S137. Writing Race, Class, and Gender in Creative Nonfiction, Fiction, and Poetry

Grand Salon B, Marriott Waterside, Second Floor
Saturday, March 10, 2018
10:30 am to 11:45 am


The debate seems endless over how far we can blur facts when writing about real lives and events; yet when narrative involves historical figures, that debate is even more crucial, especially when matters of race, class, and gender are at stake. Whether writing about the life of Zora Neale Hurston, or the intertwining lives of Eleanor Roosevelt and Pauli Murray, or a lynching, panel authors address ways their writing honors not only truth but facts in the current era of fake news and post-truth.



Martin Lammon is the author of News from Where I Live: Poems. He holds the Fuller E. Callaway Endowed Flannery O’Connor Chair in Creative Writing at Georgia College & State University, where he teaches poetry, poetics, literary translation, and creative nonfiction.

Patricia Bell-Scott's biography, The Firebrand and the First Lady: Portrait of a Friendship: Pauli Murray, Eleanor Roosevelt, and the Struggle for Social Justice, won the Lillian Smith Book Award and ALA Best Nonfiction book award. She is University of Georgia emerita professor of women's studies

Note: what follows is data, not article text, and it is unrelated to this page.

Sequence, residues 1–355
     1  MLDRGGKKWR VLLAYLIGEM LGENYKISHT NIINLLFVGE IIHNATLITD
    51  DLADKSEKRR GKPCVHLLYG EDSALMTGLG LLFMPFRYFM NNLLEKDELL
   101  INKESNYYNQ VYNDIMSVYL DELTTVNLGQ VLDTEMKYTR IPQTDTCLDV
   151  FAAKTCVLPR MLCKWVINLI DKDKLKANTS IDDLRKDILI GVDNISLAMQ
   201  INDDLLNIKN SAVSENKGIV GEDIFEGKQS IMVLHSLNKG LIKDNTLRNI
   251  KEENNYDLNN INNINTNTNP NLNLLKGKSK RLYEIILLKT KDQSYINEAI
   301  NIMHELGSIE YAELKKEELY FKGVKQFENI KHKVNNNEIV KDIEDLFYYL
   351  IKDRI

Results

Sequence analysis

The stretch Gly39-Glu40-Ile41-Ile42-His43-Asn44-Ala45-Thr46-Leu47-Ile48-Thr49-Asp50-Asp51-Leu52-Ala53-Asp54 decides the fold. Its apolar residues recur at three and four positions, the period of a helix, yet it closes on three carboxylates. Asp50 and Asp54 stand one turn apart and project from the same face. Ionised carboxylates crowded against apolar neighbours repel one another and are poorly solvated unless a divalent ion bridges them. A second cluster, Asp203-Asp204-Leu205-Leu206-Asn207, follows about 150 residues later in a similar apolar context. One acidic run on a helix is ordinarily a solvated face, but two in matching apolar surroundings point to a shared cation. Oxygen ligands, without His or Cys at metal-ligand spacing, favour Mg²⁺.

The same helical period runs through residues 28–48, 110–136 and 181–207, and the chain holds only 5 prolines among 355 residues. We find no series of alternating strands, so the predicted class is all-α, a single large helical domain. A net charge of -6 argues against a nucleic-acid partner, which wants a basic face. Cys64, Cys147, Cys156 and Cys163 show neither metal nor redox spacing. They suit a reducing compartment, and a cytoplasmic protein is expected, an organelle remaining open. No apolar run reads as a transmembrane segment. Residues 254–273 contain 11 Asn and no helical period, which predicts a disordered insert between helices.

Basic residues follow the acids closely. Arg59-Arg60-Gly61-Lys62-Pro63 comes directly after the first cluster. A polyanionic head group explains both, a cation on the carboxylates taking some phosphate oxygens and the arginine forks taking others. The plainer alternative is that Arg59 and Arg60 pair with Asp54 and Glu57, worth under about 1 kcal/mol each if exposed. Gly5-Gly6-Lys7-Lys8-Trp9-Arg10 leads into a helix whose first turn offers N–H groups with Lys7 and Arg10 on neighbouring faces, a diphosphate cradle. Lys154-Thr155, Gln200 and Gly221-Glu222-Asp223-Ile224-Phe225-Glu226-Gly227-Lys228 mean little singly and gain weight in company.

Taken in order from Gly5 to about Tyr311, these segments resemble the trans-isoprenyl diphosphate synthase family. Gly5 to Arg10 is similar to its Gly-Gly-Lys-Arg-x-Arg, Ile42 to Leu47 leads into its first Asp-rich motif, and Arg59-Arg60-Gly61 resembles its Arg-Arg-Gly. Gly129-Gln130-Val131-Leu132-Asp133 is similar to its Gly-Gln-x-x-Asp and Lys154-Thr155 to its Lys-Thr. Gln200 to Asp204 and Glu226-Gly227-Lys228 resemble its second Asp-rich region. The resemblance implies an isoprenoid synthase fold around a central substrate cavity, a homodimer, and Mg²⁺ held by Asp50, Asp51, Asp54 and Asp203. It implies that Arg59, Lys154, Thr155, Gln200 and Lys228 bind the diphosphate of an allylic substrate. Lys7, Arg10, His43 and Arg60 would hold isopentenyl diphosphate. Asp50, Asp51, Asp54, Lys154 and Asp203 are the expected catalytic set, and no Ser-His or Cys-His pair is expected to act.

Anthony Grooms directs the MA in Professional Writing Program at Kennesaw State. He has won awards from Fulbright, Yaddo, NEA, Bread Loaf, and Hurston-Wright, and is the author of Bombingham, a novel, and Trouble No More, stories. His novel, The Vain Conversation, is forthcoming.

Valerie Boyd is author of Wrapped in Rainbows: The Life of Zora Neale Hurston, and editor of the forthcoming Gathering Blossoms Under Fire: The Journals of Alice Walker. She founded and directs the University of Georgia’s Low-Residency MFA Program in Narrative Nonfiction.


March 4–7, 2020
San Antonio, TX

Henry B. González Convention Center